Ohio History Journal

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112 Ohio Arch

112      Ohio Arch. and Hist. Society Publications.

The years in which Professor Randall taught were previous

to the introduction of the Case system in the Colleges of Law.

In a degree he anticipated this method of teaching. He had

familiarized himself with a large number of the important de-

cisions of the courts in cases where commercial paper was the

cause of the litigation. In addition he had the happy faculty

of developing by hypothesis a well constructed controversy. His

students from these hypotheses and cited cases were led to the

derivation of the principles on which the decisions of the courts

rested. This method was in striking contrast with the a priori

method long in vogue among teachers of the law. The test of

time has demonstrated the wisdom of his method. It may not be

too much to say that in a measure he was the forerunner of the

present method now universally in use.

Others have written upon the personal qualities of Professor

Randall but it may not be superfluous to add here that his high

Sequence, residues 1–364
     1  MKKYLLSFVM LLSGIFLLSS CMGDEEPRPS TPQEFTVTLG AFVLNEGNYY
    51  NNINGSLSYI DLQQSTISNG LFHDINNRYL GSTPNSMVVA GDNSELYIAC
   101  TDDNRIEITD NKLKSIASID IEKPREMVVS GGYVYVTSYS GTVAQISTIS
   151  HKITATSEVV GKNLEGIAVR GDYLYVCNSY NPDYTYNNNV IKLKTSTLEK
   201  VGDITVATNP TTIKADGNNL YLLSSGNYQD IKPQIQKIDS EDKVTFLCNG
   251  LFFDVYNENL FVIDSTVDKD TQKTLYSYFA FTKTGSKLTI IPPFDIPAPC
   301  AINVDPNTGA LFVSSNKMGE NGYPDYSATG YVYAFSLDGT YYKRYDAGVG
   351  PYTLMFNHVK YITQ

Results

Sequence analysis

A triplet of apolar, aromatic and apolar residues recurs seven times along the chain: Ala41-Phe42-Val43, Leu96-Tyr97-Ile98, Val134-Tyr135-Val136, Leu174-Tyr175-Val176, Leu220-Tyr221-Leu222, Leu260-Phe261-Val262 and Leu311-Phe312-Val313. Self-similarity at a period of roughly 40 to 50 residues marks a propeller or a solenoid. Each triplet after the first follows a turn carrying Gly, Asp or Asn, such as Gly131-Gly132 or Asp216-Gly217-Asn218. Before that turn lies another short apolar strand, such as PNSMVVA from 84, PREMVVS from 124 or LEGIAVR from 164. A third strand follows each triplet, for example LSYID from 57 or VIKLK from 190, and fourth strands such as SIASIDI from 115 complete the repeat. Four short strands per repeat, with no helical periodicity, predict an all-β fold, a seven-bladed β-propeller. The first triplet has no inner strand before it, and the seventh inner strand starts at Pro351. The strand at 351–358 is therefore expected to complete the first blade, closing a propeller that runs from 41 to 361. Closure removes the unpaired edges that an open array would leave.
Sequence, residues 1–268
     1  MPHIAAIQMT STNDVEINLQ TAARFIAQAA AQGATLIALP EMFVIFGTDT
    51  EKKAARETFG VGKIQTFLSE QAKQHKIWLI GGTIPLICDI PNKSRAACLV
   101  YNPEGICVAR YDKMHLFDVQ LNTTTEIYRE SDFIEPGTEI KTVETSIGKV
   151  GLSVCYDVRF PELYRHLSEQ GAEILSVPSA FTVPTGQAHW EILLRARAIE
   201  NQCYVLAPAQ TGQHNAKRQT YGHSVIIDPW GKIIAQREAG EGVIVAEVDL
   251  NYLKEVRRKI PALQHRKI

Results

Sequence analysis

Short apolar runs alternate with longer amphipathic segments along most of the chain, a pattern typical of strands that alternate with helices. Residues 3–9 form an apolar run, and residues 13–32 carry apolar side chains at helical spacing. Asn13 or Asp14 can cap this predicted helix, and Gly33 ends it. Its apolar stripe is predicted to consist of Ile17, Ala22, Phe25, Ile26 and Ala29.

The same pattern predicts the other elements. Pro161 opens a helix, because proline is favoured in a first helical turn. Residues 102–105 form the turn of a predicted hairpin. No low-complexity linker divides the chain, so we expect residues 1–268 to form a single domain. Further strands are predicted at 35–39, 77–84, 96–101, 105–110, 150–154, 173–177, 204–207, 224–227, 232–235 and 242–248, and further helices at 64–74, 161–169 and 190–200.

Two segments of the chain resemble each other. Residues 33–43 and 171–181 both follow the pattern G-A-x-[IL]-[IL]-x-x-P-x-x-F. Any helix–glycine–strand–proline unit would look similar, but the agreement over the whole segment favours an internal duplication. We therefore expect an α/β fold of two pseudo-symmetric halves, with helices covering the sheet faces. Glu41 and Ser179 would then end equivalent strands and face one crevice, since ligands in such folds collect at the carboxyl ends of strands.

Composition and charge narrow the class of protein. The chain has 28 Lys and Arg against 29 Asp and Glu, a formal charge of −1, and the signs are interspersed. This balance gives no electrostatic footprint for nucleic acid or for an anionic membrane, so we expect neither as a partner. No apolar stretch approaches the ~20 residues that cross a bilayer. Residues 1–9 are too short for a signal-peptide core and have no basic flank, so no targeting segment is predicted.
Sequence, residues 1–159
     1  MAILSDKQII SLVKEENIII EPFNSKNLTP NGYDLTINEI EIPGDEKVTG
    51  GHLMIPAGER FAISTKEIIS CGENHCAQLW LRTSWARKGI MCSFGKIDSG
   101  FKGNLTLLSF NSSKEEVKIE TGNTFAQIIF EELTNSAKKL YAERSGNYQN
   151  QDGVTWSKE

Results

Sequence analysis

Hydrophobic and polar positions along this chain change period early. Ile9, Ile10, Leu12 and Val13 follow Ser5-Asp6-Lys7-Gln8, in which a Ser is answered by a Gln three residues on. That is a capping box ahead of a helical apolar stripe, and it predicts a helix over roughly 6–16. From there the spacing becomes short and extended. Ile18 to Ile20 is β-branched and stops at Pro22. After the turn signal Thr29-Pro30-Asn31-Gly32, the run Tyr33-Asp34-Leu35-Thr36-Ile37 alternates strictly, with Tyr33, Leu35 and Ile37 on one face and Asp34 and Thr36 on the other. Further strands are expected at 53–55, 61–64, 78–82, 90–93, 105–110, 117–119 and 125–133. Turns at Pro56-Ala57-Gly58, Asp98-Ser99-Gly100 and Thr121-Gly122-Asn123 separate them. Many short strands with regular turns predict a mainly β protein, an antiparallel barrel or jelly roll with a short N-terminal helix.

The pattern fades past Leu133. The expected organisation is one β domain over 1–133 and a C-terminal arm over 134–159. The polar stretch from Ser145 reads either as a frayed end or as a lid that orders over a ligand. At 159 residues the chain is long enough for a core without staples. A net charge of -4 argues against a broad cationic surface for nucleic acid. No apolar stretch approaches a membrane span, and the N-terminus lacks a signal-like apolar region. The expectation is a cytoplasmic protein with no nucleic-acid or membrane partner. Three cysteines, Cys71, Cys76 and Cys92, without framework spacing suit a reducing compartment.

ideals as to what the legal profession should represent, supported

by his own unimpeachable character, aided greatly in determining

the character of the College of Law. The spirit of industry

and of moral earnestness in the Faculty permeated the student

body and has led to a quality in the College that in turn has

reacted upon the graduates and produced a body of lawyers de-

voted to the best ideals and practices of the profession. The

character of the lawyer is quite as important to the state as his

learning, or his ability to try a case. From this point of view the

College of Law has won its place. The Faculty has been largely

responsible for this result and is entitled to high praise for the

inspiration aroused in students by virtue of what they were. Not

the least worthy of mention in this particular was Emilius Oviatt






There was something of the Bohemian in the composition of

Emilius O. Randall, a tendency to escape from the conventional

and to appear in the natural. This trait, observed by many of

his friends, had its origin in something akin to a congenital